The irony of this kind of ‘feminism’ is that it grew out of the experience of black women in the USA. Yet, despite the specific origin and culture of this thinking, many feminists happily quote it in a context outside the USA. As if merely by the fact it was written by women of colour means that it applies to all women of colour. This is also contradictory to it’s central premise of difference, identity and intersectionality. Oh, the irony.

‘Post-colonial, ‘intersectional’ feminism, made in the USA, let’s hope it stays there…..

Duke University censors and slanders Muslim woman for criticising Islam

Sounds familiar? Not just white women but any woman criticising Islam is not safe from the dogma and fascism of politically correct, US-based, post-colonial feminists.

‘Nomani said that a Duke professor “smeared” her two years ago in an email, charging her with having an “alliance” with Islamophobes.

Nomani said the Muslim Students Association “resurrected that dig” and urged people not to attend her speech.

“And so we all know what that does effectively, it scared everyone,” she said.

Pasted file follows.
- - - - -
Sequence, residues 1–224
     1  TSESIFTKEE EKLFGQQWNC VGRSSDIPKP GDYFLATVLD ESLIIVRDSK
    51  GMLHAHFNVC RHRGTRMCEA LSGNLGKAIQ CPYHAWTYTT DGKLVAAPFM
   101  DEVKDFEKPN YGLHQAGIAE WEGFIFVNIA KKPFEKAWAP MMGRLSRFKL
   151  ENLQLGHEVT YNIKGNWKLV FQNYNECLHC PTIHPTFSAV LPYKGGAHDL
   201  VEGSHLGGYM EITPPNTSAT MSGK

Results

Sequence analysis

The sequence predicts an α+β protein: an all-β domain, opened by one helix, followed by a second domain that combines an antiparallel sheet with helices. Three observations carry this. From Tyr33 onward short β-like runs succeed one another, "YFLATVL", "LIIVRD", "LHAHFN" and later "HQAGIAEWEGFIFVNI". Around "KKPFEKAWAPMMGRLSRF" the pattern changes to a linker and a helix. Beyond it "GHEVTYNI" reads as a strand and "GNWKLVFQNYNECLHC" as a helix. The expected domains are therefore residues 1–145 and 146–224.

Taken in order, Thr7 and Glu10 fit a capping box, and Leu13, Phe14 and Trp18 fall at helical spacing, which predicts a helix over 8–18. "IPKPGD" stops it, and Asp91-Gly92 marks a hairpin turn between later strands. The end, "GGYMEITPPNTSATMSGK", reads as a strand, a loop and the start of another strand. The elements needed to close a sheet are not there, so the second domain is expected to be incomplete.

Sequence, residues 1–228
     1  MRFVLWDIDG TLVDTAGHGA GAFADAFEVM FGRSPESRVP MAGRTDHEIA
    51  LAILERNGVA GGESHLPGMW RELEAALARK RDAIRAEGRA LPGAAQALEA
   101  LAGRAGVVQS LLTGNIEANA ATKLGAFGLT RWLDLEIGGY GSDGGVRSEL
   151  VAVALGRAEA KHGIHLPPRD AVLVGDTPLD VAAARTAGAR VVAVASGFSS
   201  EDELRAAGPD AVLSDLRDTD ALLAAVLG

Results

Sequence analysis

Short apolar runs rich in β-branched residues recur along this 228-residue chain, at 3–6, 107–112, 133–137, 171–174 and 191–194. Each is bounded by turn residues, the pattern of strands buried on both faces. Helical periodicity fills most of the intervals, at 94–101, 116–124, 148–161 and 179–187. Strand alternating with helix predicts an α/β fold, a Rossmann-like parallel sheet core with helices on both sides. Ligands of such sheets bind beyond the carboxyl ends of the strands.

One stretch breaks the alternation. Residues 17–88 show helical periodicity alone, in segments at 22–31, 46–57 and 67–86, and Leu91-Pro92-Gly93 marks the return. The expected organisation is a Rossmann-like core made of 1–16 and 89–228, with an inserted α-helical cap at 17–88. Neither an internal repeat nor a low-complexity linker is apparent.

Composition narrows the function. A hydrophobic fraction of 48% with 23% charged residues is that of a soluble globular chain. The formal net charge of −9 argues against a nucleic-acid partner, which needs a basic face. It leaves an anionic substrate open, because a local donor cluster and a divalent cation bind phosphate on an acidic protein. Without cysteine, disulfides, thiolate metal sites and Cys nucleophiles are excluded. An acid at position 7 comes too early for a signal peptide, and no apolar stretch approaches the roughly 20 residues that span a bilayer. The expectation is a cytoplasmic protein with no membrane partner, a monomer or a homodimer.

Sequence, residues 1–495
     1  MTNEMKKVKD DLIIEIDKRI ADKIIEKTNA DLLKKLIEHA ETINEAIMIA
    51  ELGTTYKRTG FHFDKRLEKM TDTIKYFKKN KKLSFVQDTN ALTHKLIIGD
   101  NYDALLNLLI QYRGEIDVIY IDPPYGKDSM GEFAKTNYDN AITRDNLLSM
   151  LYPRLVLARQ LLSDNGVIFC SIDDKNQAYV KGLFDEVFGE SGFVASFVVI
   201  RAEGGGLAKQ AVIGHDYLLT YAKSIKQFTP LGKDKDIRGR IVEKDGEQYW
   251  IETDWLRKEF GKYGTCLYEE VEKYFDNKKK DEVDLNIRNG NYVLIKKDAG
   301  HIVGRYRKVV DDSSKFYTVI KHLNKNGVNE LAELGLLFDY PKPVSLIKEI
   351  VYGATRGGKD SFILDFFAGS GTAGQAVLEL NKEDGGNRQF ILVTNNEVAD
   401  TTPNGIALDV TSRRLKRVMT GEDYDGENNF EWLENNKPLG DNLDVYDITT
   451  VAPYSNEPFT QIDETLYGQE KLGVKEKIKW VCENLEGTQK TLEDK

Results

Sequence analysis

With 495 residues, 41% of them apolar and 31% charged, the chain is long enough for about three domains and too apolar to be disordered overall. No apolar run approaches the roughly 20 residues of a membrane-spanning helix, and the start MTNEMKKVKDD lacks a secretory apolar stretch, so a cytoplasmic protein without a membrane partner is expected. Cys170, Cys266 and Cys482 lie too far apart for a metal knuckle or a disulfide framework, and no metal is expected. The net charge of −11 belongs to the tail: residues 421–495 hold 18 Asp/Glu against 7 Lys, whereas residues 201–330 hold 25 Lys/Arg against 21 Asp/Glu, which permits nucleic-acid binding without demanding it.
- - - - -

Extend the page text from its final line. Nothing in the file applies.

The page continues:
The sponsoring organization and Duke then rescinded her speaking invitation. When Nomani asked for evidence against herself, the school decided to invite her to speak once again.’

http://insider.foxnews.com/2015/04/15/muslim-feminist-dukes-muslim-students-association-tried-cancel-my-speechmuslimfeminist

Vegetarian, Feminist Tibetan Monk Taking the US Ivy Leagues By Storm

‘In terms of vegetarianism, he is one of the most vocal on this issue after abandoning meat himself a few years ago. Tibetans have a cultural tradition of eating meat, which has continued even in exile, sometimes leading to tension with Hindus and western Buddhists. In January 2007, at the annual Kagyu Prayer Festival in Bodh Gaya, India, I was present when the Karmapa gave a strong teaching advocating vegetarianism and forbidding monks and nuns eating meat by banning consumption of it in his exile monasteries. Citing Buddhist scripture and logic, he argued that eating meat was contradictory to compassion and not killing. Many meat-eating Tibetans and westerners came away ‘shocked’ by the clarity and strength of his teaching on it.

Again at Harvard, this week, the Karmapa spoke of his horror as a child witnessing Tibetan nomads suffocating animals slowly to death. Going on to describe how mass technology and farming methods have led to a situation where many people have completely lost touch with what meat is and how it comes to be in its packaged form in the supermarkets; how that innate, ‘uneducated’ form of compassion we feel as children is often lost as adults.’